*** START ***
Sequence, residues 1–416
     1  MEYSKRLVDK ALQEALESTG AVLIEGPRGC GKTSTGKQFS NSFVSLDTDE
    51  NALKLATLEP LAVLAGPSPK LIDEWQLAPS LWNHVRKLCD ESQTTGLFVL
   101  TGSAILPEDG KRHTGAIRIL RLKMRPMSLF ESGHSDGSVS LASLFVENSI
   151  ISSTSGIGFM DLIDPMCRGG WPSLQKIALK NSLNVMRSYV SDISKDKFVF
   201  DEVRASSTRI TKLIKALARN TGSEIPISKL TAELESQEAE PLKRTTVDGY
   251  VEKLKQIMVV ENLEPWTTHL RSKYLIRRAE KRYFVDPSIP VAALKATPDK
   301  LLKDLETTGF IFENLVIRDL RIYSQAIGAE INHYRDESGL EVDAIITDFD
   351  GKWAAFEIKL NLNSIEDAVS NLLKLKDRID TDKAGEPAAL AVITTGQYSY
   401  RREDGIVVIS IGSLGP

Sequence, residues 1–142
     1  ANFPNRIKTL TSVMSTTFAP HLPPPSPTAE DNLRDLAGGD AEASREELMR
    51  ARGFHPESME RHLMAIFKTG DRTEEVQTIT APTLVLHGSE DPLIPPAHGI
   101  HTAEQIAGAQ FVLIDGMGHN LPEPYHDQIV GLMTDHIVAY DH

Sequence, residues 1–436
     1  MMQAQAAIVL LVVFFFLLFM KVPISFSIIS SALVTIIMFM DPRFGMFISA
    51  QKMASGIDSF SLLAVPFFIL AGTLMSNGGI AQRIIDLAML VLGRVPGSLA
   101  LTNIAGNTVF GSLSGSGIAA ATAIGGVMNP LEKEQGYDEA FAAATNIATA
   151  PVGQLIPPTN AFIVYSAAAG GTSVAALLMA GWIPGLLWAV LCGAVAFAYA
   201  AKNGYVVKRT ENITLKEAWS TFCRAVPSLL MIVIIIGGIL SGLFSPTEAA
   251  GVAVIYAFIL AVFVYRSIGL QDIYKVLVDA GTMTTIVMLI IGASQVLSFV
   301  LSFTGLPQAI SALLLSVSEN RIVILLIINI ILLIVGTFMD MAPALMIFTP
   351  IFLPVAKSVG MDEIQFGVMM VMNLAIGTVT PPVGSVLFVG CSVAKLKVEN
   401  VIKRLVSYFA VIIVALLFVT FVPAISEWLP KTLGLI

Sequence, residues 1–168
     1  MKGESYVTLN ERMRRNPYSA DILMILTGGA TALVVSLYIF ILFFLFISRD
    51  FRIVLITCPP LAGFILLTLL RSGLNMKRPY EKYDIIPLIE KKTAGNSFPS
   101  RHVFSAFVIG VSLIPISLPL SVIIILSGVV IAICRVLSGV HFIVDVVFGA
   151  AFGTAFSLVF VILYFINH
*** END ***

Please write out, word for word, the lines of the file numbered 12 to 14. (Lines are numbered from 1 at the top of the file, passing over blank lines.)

     1  ANFPNRIKTL TSVMSTTFAP HLPPPSPTAE DNLRDLAGGD AEASREELMR
    51  ARGFHPESME RHLMAIFKTG DRTEEVQTIT APTLVLHGSE DPLIPPAHGI
   101  HTAEQIAGAQ FVLIDGMGHN LPEPYHDQIV GLMTDHIVAY DH